I think the Secretary of State will agree with me that one of the reasons, though not by any means the only reason, why the Montagu-Chelmsford reforms did not work more successfully was that the Ministers then responsible for the transferred services had very little money to spend on those aspects of Indian reform in which they were most intimately concerned. They could do very little for social reform and national development, because of the financial stringency which followed the great extravagance of the War period. I hope it will be possible for him to do something to prevent a repetition of that experience when the new Constitution comes into being. Nothing would send it off under worse auspices than that the new Provincial Ministries should have to sit and maintain law and order for the first five years, and be unable to inaugurate any substantial part of that programme of social reform or nation building, which India so urgently needs, during that period. Is it not possible by some means, by loan or otherwise, to give to the Provincial Governments during that first period of stringency some revenues which they can spend on social reform at the start? I do not think that anything would do more to smooth the way for the working of the provincial parts of the new Constitution, or prepare the way for the inauguration of the second and far more difficult part of it, Federation. India has profited greatly from the point of view of her credit by the orthodoxy of her finance, but there are times when human and political considerations may make a temporary lapse from the strictest tenets of Gladstonian Treasury rectitude an even higher form of finance.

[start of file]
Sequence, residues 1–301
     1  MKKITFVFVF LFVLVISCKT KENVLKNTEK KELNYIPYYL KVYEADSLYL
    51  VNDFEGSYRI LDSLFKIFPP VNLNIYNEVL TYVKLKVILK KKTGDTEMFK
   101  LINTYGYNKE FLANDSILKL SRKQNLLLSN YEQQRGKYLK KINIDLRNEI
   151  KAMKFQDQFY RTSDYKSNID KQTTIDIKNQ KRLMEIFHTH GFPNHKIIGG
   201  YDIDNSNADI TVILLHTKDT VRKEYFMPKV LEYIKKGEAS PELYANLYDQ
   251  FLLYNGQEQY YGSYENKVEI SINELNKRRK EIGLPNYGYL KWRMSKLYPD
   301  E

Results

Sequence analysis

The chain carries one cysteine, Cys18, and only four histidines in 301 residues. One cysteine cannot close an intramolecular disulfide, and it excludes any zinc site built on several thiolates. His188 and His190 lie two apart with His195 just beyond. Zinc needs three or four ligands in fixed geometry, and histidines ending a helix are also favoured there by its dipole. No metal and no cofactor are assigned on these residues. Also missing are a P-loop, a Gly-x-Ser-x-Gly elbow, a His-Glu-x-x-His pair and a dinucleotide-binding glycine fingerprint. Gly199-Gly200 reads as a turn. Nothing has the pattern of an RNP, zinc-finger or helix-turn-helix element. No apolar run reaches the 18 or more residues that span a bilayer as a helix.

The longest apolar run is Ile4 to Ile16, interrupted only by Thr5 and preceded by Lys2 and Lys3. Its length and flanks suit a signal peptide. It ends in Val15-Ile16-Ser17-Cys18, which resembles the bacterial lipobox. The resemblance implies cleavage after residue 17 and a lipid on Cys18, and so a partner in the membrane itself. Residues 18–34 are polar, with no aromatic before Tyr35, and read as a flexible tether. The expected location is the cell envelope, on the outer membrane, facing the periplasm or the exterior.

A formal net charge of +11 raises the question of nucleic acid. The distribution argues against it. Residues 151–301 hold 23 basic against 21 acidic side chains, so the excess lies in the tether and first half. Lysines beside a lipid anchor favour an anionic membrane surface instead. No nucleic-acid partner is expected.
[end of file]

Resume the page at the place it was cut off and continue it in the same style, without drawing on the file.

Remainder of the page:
The National Government have not hesitated to throw over certain tenets of British fiscal and economic orthodoxy. They have, I think, thrown them over too completely, and been unduly extravagant in their abandonment of principles which have served this country so well in the past. I think, however, they might in this case, with advantage, consider whether a little temporary laxity from those standards in the first few years of the new Constitution might not be the greatest wisdom. I am not a bit afraid of the great battle waged between Socialism and Individualism here or in India, provided it is fought out on democratic and constitutional lines. We shall then work out a wise and practical compromise. What is fatal is that it should be fought out as a battle between Fascism and Communism. And nothing will do more to show that there is no need to resort to these revolutionary and despotic methods than that the new Governments in India, when they do come into being, responsible as they will be to the people, should be able to bring about almost at once, within the Constitution, great social and economic reforms which are of lasting benefit to the people. That means, as I see it, that by some means or other the new Provincial Governments should have placed at their disposal for a time a larger measure of revenue than will clearly come to them under the Niemeyer Report, excellent as that Report may be. I do not expect that the Secretary of State will be able to make any remarks in reply to my suggestions to-day, but I recommend these points of view to his sympathetic consideration.